Being surrounded by a wealth of information gives you access to many resources, but it may not be easy to separate fact from fiction. This Seniors Health and Fitness Day, we are debunking five common health myths.
Myth 1: It is okay to skip meals if you are not hungry
It is never okay to skip meals. Skipping meals may lead to low blood sugar. Missing a meal is not a healthy habit to sustain. It is common for someone who is constantly missing meals to have further loss of appetite and can increase other health issues. You may be skipping meals to lose weight, but in fact, you are putting yourself at risk for gaining weight! If you want to lose weight, you should have many small meals a day. Make sure to consult a health professional before making changes to your diet.
Myth 2: You lose your appetite when you turn 60
Your metabolism does slow down as you age, and a gradual loss of appetite is usual. However, having a sudden loss of desire to eat should be brought up with your health professional. Decreased sense of smell or taste, dental or digestion problems could be the reason for the loss of appetite.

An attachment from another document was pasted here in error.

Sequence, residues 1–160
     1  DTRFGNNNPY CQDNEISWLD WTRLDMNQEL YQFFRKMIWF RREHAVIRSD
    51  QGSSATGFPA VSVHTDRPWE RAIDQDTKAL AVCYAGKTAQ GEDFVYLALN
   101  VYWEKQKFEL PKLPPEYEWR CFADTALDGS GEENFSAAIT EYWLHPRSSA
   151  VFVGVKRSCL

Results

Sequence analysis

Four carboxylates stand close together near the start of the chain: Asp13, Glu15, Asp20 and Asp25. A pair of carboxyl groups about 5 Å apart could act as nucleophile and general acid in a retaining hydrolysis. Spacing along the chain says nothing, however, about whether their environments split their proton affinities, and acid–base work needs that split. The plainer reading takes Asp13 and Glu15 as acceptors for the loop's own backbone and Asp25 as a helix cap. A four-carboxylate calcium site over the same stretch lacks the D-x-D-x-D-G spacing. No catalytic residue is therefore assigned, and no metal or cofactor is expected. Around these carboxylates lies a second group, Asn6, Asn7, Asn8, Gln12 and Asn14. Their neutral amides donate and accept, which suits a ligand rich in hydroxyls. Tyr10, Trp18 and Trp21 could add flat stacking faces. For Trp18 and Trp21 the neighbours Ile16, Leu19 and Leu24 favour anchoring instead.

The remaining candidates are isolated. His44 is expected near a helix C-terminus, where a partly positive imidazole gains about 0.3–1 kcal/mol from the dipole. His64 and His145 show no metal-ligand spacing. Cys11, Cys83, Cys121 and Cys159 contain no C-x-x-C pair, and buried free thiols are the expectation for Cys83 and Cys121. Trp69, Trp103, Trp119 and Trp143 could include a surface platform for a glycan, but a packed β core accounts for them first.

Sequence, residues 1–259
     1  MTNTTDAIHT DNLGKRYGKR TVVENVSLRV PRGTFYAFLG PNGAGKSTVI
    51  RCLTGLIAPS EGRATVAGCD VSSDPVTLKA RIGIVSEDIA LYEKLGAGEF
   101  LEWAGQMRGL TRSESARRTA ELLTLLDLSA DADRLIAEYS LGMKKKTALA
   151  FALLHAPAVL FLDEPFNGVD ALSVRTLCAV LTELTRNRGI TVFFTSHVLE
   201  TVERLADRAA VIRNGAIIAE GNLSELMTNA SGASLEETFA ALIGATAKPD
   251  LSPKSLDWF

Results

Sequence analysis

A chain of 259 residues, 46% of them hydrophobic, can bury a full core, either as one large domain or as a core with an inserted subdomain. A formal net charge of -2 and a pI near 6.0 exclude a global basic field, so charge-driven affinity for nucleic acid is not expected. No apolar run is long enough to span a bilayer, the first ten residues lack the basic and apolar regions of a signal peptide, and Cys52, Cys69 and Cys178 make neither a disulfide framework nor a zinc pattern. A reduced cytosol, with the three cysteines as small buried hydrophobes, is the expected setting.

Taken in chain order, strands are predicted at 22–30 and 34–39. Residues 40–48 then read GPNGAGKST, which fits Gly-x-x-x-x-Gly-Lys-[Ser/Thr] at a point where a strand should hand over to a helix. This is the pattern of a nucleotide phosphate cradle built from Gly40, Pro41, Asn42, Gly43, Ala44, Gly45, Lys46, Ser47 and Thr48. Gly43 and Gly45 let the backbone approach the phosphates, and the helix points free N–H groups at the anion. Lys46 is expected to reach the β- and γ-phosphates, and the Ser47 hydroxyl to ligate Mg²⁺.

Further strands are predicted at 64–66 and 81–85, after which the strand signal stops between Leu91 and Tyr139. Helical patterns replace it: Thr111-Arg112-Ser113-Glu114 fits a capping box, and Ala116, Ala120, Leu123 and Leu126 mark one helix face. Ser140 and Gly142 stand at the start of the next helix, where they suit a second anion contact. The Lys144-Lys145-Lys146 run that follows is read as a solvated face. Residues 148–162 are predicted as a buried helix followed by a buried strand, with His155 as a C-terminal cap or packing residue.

Myth 3: Seniors need less protein intake than when they were younger
This is definitely a myth! Seniors need more protein on average than a younger person, as recommended by Registered Dieticians. Those recovering from illness, injury or surgery may need more to help them recover. Milk, meat, eggs, and tofu are rich sources of proteins. Consult a health professional about the best way to incorporate protein into your diet.
Myth 4: All seniors should maintain a low sodium diet
While a high sodium diet puts you at risk for high blood pressure, stroke, heart disease and kidney disease, a sodium deficiency can cause nausea, headache, confusion, and fatigue. It also maintains the fluid and electrolyte balance and regulates heart and kidney functioning. Balance is key. Low sodium food can be bland and unappetizing. To learn more about how much sodium should be in your diet, visit Canada.ca.
Myth 5: It’s too late to start eating healthy!
It’s never too late to work on your health. Making a dietary or lifestyle change can reduce the risk of and prevent the onset of several diseases. Following a nutritious diet and incorporating different activities is a critical way to leading a healthy, productive, and active lifestyle into your 60s and beyond.